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 Post subject: Notebook OCing
PostPosted: Mon Jul 04, 2005 12:33 pm 
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I plan on getting a Sager 7620 with:

Intel 640 proc at 3.2GHz 800FSB
Either an X800 or 6800...haven't decided-don't know a real diff between the 2 moible ones.
1GB of RAM-unsure of brand...trusting Sager

I'm basically planning on having this notebook for about 4 years...through college. I want to know what things I have to look out for when OCing a notebook, what precautions to take and how different my limits are on a notebook. I've never even owned a notebook before. So like, how do I take care of cooling on a notebook? I'm assuming that I'll need an aftermarket thermal solution if I OC...so what exists for notebooks? I know that these ?'s are quite broad, but I know nothing on notebook OCing...so just feel free to bombard me with knowledge :)


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PostPosted: Mon Jul 04, 2005 12:49 pm 
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I don't reocmmend overclocking a notebook because there is no real way to install aftermarket cooling. The cases are designed to run at the thermals the notebook will run at, and aren't designed to go much higher. A friend of mine just about destroyed his notebook overclocking it. It got hot enough where he burned his hand when he touched it.

As for video card's, no real difference, just which company you prefer more.


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PostPosted: Mon Jul 04, 2005 1:00 pm 
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nVidia it is...but there should still be some reasonable leeway in notebook OCing...Like the memory and vid card should be somewhat more stable OCers than the proc...maybe? I dunno.


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PostPosted: Fri Jul 08, 2005 6:22 pm 
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I wanted to try o/cing my Toshiba to help boost the folding on the lappy, but there was too many negative obstacles in o/c a notebook.


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 Post subject:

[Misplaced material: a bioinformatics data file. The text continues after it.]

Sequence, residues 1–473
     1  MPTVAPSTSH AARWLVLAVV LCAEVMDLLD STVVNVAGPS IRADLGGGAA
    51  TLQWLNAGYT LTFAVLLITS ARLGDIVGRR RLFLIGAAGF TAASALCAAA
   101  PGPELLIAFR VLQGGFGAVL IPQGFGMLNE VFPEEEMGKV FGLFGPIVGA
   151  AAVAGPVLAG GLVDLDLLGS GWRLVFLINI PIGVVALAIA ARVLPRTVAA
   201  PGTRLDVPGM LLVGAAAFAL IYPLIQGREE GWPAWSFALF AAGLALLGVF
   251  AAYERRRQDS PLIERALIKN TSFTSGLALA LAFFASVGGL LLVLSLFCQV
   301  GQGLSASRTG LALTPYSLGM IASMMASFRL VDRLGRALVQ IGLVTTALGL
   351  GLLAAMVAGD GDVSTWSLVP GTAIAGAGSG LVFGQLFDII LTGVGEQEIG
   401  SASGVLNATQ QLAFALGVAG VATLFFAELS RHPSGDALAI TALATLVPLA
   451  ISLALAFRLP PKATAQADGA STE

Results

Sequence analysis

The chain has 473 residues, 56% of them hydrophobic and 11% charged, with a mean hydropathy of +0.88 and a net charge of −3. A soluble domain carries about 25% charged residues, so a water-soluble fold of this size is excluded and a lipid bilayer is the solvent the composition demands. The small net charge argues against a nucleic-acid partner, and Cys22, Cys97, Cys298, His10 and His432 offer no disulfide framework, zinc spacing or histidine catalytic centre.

PostPosted: Sat Jul 09, 2005 7:44 am 
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APenguin wrote:
nVidia it is...but there should still be some reasonable leeway in notebook OCing...Like the memory and vid card should be somewhat more stable OCers than the proc...maybe? I dunno.


The videochips usually overclock decently. What you need to do is find out what the standard speed of the chip is, because some notebook resellers will actually underclock them.

For example, the Rage 128 Mobility in my Pro-Star shipped at 105Mhz, however a friend of mine from school had the same chip in his IBM Thinkpad and it shipped at 95Mhz.

If you look up the specifications, it turned out that IBM had underclocked my friend's videochip. So it's a good idea to do a little looking into on all the parts that make up your laptop before doing any experiementation with the clock speeds.


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PostPosted: Fri Jul 22, 2005 4:22 pm 
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you can overclock notebook GPUs, just be VERY VERY CAREFUL AND MOVE EVERYTHING IN VERY SMALL INCREMENTS. The second you see any type of artifacting, trhottle it back. and never go that high again. There's no real direct aftermarket cooling, but some utilities may let you control the fans so they are always at max. There are also "notebook coolers" which are essentially just flat thing with fans on them that you put your notebook on. I've never used them, but the idea is the fans blow a lot more cool air on the underside of the notebook than they would be getting if they were just on a regular flat surface. Supposedly this can make a difference of a few degrees, but the effect is not dramatic.

Warning: If you OC your laptop, and it breaks, your warranty will be void if they find out you were overclocking. Of course, they might have a pretty hard time telling if send them a laptop with a wiped harddrive.

Both those gpu's are neck and neck in performance. Any performance differenc between them is not statistically significant, imho. I tend to like Radeon's for latop cards though.